Saint Louise House has more than 15 years of experience empowering women with children to overcome homelessness by providing them housing and wrap-around services. We have provided over 160 mothers a stable home and a case manager to partner with as well as the education, employment, parenting, legal and other support they need to develop self-sufficiency. This holistic approach to serving families has given over 330 children the opportunity to heal from the wounds of homelessness and, as one resident wrote, “have a normal life like any eleven-year old would have.”
The partnership between mothers and case managers is at the heart of Saint Louise House and the primary point of contact for implementation of our program of wrap-around services. Every week mothers and case managers meet in the home or in the on-site program office to review progress on the past week’s goals and to set new ones. Every six months they review progress toward goals on their long-term service plans and adjust as necessary. Case managers make referrals and, when necessary, make phone calls and attend meetings with mothers until they’ve gained the skills and confidence to do so on their own. This case management approach of "doing for, doing with and cheering on" supports mothers as they build self-sufficiency.
The parent-child specialist provides specific support for parent and child development. This support takes the form of education and training for case managers, individualized parent coaching, the creation of additional resources and support for mothers and group activities for children. An additional staff member will allow for additional supports such as an afterschool drop-in center, more groups and activities and home visits.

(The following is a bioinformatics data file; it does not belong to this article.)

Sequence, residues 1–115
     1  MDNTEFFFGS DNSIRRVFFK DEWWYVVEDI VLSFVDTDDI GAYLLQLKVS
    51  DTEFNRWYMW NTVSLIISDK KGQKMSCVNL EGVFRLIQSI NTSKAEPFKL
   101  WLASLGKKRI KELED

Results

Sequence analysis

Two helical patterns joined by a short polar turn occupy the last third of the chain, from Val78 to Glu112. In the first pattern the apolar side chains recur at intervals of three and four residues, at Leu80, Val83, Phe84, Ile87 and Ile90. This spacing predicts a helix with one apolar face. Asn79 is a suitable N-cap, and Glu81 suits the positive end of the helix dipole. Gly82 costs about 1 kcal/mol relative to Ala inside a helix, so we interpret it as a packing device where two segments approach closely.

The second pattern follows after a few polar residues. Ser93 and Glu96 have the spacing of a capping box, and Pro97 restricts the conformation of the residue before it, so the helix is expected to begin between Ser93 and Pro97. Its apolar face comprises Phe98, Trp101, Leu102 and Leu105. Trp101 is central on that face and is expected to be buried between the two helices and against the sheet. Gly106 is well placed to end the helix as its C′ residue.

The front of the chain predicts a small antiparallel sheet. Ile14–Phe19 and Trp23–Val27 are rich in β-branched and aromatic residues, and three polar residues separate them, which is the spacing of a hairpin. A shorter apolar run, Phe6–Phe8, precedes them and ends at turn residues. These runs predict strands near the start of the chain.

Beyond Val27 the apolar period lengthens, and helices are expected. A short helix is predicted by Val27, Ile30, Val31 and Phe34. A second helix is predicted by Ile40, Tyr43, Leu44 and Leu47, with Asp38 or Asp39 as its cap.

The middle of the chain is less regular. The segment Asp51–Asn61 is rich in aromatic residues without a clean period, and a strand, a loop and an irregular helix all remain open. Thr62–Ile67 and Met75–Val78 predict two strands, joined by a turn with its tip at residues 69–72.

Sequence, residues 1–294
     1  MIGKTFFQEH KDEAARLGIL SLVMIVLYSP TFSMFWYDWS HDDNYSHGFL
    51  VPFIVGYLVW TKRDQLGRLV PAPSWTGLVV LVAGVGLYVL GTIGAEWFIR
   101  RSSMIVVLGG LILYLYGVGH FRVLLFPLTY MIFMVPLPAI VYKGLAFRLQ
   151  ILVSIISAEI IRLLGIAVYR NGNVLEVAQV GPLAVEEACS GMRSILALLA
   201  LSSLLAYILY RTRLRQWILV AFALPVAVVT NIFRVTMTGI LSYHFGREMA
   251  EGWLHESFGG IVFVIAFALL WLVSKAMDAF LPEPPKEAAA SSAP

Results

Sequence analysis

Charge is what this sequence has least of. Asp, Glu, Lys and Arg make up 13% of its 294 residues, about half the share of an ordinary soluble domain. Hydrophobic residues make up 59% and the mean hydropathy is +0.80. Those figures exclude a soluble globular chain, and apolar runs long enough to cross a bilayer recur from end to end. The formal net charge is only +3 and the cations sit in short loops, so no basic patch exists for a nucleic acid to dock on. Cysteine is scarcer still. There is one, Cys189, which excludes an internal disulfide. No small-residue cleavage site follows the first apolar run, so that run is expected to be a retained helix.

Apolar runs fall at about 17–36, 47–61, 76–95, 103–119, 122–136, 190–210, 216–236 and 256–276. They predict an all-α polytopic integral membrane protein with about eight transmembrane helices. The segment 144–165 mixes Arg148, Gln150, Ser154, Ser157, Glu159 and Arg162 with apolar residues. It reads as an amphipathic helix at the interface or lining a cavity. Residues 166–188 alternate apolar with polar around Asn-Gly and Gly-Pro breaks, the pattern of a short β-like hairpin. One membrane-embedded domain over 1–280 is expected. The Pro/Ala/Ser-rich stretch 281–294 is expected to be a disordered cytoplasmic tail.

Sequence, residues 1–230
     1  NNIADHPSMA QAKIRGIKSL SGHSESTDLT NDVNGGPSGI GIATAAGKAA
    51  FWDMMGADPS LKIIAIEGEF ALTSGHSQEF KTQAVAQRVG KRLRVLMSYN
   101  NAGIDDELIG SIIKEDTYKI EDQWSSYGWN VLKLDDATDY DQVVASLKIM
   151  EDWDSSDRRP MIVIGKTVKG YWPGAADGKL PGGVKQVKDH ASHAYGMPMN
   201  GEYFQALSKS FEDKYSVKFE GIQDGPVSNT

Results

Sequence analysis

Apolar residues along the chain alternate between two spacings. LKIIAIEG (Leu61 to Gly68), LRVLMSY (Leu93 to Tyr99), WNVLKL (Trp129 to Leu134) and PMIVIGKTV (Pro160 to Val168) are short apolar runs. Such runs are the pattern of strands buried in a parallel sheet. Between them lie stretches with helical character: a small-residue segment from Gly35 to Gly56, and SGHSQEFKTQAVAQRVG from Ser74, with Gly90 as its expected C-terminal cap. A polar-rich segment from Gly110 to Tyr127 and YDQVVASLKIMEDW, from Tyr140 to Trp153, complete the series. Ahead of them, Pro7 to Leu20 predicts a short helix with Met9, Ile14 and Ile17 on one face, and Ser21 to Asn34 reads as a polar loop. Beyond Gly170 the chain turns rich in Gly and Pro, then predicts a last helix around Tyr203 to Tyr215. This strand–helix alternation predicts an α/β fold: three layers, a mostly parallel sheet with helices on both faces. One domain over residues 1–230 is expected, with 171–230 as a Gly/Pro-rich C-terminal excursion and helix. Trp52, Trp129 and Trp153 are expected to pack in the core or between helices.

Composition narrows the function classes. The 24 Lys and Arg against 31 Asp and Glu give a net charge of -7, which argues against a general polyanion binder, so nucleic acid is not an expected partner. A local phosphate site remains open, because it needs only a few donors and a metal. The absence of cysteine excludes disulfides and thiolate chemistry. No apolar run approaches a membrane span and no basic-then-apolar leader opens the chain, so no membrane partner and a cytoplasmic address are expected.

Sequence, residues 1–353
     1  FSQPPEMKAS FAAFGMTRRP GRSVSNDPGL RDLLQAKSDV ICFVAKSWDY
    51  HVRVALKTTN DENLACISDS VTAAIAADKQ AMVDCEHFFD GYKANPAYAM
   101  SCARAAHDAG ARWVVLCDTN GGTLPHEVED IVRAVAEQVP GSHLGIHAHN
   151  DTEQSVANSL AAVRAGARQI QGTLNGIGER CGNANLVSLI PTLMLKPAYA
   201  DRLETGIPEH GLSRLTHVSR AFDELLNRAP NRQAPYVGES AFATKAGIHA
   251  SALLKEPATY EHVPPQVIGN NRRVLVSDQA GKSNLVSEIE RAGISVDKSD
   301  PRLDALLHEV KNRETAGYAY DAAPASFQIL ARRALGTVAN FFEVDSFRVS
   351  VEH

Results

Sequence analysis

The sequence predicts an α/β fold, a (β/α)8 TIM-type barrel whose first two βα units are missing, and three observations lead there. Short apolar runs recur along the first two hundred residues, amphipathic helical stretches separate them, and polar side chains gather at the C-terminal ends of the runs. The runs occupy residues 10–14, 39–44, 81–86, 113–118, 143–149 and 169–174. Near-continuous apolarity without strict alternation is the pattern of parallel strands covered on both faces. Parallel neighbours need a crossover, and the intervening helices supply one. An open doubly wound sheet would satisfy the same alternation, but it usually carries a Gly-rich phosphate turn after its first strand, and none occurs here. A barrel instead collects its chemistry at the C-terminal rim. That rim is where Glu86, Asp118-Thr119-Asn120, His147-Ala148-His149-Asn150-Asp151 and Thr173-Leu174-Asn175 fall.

Life skills workshops are offered on a weekly basis on-site or at a nearby church. For mothers, these groups cover topics ranging from financial literacy, to nurturing parenting, to auto maintenance and repair. While mothers participate in these groups, childcare is available for younger children and older children who participate in groups such as StarKids!, a weekly group supporting social and emotional learning in 6-12 year old children. Additional activities for children have included a middle school girls group as well as college prep workshops and other activities for older teens.
In addition to the individualized case manager partnership and weekly workshops and groups, wrap-around services are delivered through the on-site program offices. Mothers are welcome to drop in during office hours to access services such as the food pantry or bus passes as well as crisis management support. The offices also provide access to computers and copiers to meet educational and employment needs.
Within this structured program, Saint Louise House addresses every family’s needs on a highly-individualized basis so there is no uniform time limit for participation in our program. Within two-to-four years, most families are able to develop the tools and resources they need to thrive outside Saint Louise House.
Community need and target population